The West – self-acclaimed holder of human rights – is unaware of such fine legal directions; while the first to demonstrate was the Prophet himself, who had adopted `Ali when a child.

Q: Suppose a guy burrows 10,000 bucks from someone. He repays it after ten years during which devaluation of the currency has taken place. Does he have to repay only the money he borrowed or does he have to make adjustments so as to compensate the devaluation?

Tahir Alee, 
On Email

YMD

One wrong leads to another. Why should anyone, a Muslim, borrow and not repay for ten years? He knows that the Prophet (saws) would not pray at a man’s grave if he left debt unpaid.

By law, you are not required to pay anything extra due to fluctuation of the money-value, whether occurring naturally, or by an external agency, such as, the government. But if you see a fluctuation and feel sorry for your crime of not returning within a reasonable period, you might add whatever you can to the original sum that was borrowed.

The lender, however, may not make any such demand, small or big. He had the right to take the issue to the court when repayment was delayed; but he cannot demand more.

Q: Why can’t we form a central Bait-ul-Maal at national level?

Sameer Ahmad, 
On Email

YMD

Why can’t you?

Q: It is a great pleasure for me that I have learned about Ummaland. I studied a lot from Google and started using that site. Unfortunately, I found some obstacles. If those can be settled by the authority, I think it will be the pioneer in global Muslim help. I strongly support the endeavour.

Aminur Rahman,
On Email

Q: If one’s parents are consenting to the idea of their son migrating to the U.S., and instead the son takes that consent and migrates to a different place like into an Islamic State, would that count as disobedience to one’s parents?

LMN Nadheer, 
On Email

YMD

Parent’s rights are not infringed upon in such matters. Unless they are handicapped, too old, poor, or unable to attend to their personal needs, their permission is not required for a son to migrate.

However, the son must return if the situation of the parents changes, such as, they becoming senile, or diseased, etc. If he did not return, and, was not able to appoint a faithful nurse, and the parents suffer, then he will be sinning, especially, when he happens to be the only son.

As for migration to a Western country like USA (if Trump would allow it), while an option to migrate to a Muslim country is available, it would be an act of sin. If a man is not wholly hard put, migration to a Western country for the so-called “better prospects,” would be migration to evil and un-rewardable. The example of those who migrate simply for material reasons, such as “career prospects,” is given in the Qur’an (7: 176).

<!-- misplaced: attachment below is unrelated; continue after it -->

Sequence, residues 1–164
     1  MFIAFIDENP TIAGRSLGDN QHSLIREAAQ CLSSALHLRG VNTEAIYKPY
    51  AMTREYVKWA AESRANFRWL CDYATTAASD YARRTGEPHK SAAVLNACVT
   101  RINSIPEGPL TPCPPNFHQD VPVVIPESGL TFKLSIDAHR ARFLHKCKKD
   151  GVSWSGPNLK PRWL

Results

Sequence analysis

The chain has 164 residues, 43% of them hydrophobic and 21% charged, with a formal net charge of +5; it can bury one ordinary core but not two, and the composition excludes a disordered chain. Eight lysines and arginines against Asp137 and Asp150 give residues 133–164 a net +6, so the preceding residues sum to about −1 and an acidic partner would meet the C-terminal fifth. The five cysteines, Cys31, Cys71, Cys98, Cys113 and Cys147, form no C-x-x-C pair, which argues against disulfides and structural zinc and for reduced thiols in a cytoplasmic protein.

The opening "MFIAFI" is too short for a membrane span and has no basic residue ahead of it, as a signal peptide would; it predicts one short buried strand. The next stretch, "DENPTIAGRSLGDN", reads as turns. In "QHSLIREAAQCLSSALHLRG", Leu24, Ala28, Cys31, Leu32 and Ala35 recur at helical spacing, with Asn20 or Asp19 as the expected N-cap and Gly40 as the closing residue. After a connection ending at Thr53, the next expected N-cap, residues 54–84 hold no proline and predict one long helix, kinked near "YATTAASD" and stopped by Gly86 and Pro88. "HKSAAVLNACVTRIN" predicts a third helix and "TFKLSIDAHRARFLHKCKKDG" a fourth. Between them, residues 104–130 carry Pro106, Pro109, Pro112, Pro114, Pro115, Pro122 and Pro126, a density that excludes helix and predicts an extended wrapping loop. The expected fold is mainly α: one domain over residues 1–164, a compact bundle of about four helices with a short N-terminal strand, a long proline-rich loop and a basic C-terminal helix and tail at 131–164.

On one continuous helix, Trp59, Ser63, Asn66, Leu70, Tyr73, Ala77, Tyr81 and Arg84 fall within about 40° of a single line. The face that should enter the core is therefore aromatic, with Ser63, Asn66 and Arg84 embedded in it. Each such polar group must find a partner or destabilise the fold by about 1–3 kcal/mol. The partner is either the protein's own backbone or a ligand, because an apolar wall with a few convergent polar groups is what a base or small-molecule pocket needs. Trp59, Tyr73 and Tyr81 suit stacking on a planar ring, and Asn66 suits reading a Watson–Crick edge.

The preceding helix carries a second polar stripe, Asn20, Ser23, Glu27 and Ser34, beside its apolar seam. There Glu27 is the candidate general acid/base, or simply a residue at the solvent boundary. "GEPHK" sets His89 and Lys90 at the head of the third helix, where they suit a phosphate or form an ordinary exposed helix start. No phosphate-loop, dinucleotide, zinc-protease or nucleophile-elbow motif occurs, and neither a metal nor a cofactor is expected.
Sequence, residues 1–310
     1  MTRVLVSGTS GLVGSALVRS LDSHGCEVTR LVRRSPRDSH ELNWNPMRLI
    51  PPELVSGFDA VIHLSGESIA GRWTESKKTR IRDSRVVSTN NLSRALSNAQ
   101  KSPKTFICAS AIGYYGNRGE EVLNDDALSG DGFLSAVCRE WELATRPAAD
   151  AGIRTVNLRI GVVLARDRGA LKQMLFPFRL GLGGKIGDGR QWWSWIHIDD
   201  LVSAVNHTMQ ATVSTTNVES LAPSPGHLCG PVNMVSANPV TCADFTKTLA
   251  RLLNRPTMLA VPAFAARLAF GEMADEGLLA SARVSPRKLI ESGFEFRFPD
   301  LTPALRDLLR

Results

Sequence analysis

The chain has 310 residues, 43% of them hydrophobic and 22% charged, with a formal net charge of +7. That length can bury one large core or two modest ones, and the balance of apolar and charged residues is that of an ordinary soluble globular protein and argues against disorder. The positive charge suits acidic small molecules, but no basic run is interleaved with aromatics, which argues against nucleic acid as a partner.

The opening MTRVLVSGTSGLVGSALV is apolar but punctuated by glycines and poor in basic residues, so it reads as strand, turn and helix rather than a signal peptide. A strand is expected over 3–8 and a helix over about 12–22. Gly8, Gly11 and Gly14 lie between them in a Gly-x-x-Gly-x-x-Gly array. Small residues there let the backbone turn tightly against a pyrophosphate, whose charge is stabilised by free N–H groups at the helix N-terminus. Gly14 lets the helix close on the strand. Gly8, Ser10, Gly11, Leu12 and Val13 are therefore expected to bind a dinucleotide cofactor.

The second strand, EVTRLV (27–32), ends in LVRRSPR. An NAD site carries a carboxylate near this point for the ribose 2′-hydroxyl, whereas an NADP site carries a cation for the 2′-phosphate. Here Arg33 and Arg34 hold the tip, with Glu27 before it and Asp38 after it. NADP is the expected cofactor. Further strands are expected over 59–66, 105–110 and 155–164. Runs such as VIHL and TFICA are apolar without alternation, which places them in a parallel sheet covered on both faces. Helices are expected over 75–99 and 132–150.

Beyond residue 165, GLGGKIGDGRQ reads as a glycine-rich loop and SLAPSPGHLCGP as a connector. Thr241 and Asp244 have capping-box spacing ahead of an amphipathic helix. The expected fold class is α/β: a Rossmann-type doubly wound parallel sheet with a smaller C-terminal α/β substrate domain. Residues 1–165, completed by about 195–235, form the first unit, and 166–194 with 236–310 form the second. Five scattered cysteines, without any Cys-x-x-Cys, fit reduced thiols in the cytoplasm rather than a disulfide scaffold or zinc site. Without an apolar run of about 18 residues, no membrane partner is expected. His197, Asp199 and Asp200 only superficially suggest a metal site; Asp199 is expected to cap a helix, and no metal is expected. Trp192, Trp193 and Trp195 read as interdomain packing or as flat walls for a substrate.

Q: While purchasing a pair of shoes online, I came to know that some part of shoes (inner lining) is made of pig skin. When I tried finding about use of such products in Islam, I came know that it’s Haraam to use products made of pig skin. What is the ruling in Islam regarding use of products made of pig skin?

YMD

There is no difference in the rulings coming from the four schools of Fiqh that the skin of pigs and humans cannot be made use of in any way. That prohibition applies to their leather also, that is, the skin that has been tanned and converted to leather. The prohibition of pig’s skin is because it is Najis, (unclean); none of its body parts can be made use of in any way. As for human skin, it is not Najis, but its use is prohibited out of its reverence.

Q: Do we have brands which do not use pig skin, especially here, in India?

M. K.,
On Email

YMD

It appears we are pretty poor at market and product research.

Q: I was reading a book, The Canon, by Natalie Angier, in which she explains some basic science in an amazing way by providing amazing data. She gives some amazing data about Time. When I read that portion I remembered the Surah al-Asr. The relation between the first verse and the amazing data. After a little bit of effort, I put my understanding as an article. The article is an attached file with email. 

Sameer Ahmad,
On Email

YMD

While we thank you for your reflections, we do not find reproducing what happens to be common observations on Time to be of special benefit. Nonetheless we reproduce here an excerpt from the book forwarded by you. It says:

“What happens….in subsections of seconds? In a tenth of a second, we find the proverbial ‘blink of an eye’ for that’s how long the act takes. In a hundredth of a second, a hummingbird can beat its wings once… A millisecond, 10-3 seconds is the time it takes a typical camera strobe to flash. Five-thousandths of a second is also the time it takes a Mexican Salamander… to snatch its prey. In one microsecond, 10-6 seconds, nerves can send a message from that pain in your neck to your brain… In a nanosecond, 10-9 – microprocessor adds together two numbers…Attosecond, a billionth of a billionth of a second, an electron takes twenty-four attoseconds to complete a single orbit in a hydrogen atom…a voyage that the electron makes about 40,000 trillion times per second.” [From: The Canon, by Natalie Angier].

We have reproduced the above as received from you. We have neither checked the data nor the spellings.